Tuesday, 9 January 2018: 9:00 AM
Room 15 (ACC) (Austin, Texas)
Wind power forecasting is gaining international significance as more regions promote policies to increase the use of renewable energy. Wind ramps, large variations in wind power production during a period of minutes to hours, challenge utilities and electrical balancing authorities. A sudden decrease in wind energy production must be balanced by other power generators to meet energy demands, while a sharp increase in unexpected production results in excess power that may not be sold to the grid, leading to a loss of potential profits. In this study, we assess the performance of the High-Resolution Rapid Refresh (HRRR) numerical weather prediction model in predicting wind ramps with up to twelve hours of lead time at two tall-tower locations in the United States. We validate model performance using 18 months of 80-m wind speed observations from towers in Boulder, Colorado and near the Columbia River Gorge in eastern Oregon.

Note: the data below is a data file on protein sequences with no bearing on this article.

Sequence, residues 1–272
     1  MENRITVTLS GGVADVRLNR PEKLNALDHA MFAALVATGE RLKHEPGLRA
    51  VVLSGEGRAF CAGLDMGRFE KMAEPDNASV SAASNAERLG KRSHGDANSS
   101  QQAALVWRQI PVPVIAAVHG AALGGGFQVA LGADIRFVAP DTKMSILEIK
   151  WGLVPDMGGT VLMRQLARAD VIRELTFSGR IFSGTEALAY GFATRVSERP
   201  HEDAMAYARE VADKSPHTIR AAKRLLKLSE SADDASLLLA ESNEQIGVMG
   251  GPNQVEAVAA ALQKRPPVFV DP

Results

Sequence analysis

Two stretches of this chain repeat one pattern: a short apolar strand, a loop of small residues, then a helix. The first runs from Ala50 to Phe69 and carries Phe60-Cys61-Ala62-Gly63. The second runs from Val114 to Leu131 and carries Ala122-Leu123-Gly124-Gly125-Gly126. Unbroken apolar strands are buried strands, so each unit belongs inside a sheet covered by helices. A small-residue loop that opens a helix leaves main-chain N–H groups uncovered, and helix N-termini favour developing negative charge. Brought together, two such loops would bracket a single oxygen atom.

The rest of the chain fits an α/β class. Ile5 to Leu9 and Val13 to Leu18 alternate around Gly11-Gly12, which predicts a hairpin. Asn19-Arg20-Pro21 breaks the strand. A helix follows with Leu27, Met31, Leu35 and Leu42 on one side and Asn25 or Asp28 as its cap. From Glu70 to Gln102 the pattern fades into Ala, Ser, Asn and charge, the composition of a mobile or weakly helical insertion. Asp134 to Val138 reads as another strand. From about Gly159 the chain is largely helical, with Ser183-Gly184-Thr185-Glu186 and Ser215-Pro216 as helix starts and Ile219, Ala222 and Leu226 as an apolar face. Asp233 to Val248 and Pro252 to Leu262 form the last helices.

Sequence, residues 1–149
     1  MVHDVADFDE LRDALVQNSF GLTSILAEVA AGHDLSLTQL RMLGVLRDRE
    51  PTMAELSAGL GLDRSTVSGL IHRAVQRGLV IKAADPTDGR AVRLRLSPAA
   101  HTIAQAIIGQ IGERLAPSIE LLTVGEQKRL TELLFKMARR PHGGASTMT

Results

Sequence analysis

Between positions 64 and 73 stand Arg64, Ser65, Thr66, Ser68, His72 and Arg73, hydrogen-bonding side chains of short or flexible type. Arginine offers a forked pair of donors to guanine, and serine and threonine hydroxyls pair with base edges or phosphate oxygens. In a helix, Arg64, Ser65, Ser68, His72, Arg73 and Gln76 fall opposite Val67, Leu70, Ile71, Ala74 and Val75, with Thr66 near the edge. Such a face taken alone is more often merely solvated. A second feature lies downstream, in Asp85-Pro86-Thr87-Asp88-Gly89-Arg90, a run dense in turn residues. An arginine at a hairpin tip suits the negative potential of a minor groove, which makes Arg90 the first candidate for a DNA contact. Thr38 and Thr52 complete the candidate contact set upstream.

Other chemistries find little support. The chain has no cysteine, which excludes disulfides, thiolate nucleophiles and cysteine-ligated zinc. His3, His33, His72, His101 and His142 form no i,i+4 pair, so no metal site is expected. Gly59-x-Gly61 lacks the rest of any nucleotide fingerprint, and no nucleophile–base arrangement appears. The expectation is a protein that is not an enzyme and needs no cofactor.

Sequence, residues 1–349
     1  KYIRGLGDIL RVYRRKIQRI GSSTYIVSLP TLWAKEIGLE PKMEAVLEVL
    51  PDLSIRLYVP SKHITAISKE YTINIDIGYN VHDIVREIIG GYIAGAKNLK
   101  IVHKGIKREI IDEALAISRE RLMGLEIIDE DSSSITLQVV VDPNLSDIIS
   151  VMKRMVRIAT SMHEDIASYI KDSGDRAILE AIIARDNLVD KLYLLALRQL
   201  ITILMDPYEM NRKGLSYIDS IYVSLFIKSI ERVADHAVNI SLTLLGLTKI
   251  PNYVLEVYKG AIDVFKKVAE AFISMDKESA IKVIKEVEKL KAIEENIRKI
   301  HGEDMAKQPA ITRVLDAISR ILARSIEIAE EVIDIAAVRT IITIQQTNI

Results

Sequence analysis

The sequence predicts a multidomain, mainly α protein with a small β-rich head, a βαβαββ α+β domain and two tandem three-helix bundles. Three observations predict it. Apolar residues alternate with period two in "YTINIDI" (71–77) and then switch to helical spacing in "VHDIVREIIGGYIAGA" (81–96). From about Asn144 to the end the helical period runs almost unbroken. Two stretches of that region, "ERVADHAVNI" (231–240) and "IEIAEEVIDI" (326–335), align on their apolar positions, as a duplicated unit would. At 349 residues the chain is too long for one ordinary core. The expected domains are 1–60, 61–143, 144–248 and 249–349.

We employ three statistical post-processing methodologies, two of which are not currently used in the wind industry to correct biases in the model and to generate ensembles of short-term wind speed and power production scenarios. This probabilistic enhancement of HRRR point forecasts provides valuable prediction uncertainty of ramp events and significantly improves the skill of predicting up- and down-ramp events over the raw forecasts. We illustrate how we use one of the ensemble methods to generate forecasts and gain prediction uncertainty based on past historical wind speed scenarios in Fig. 1. We also compute skill scores for each ensemble method at predicting up- and down- ramps to determine which method provides the best prediction of ramp events. These statistical methods can be implemented by wind farm operators to generate a range of possible wind speed and power scenarios to aid and optimize decisions before ramp events occur.
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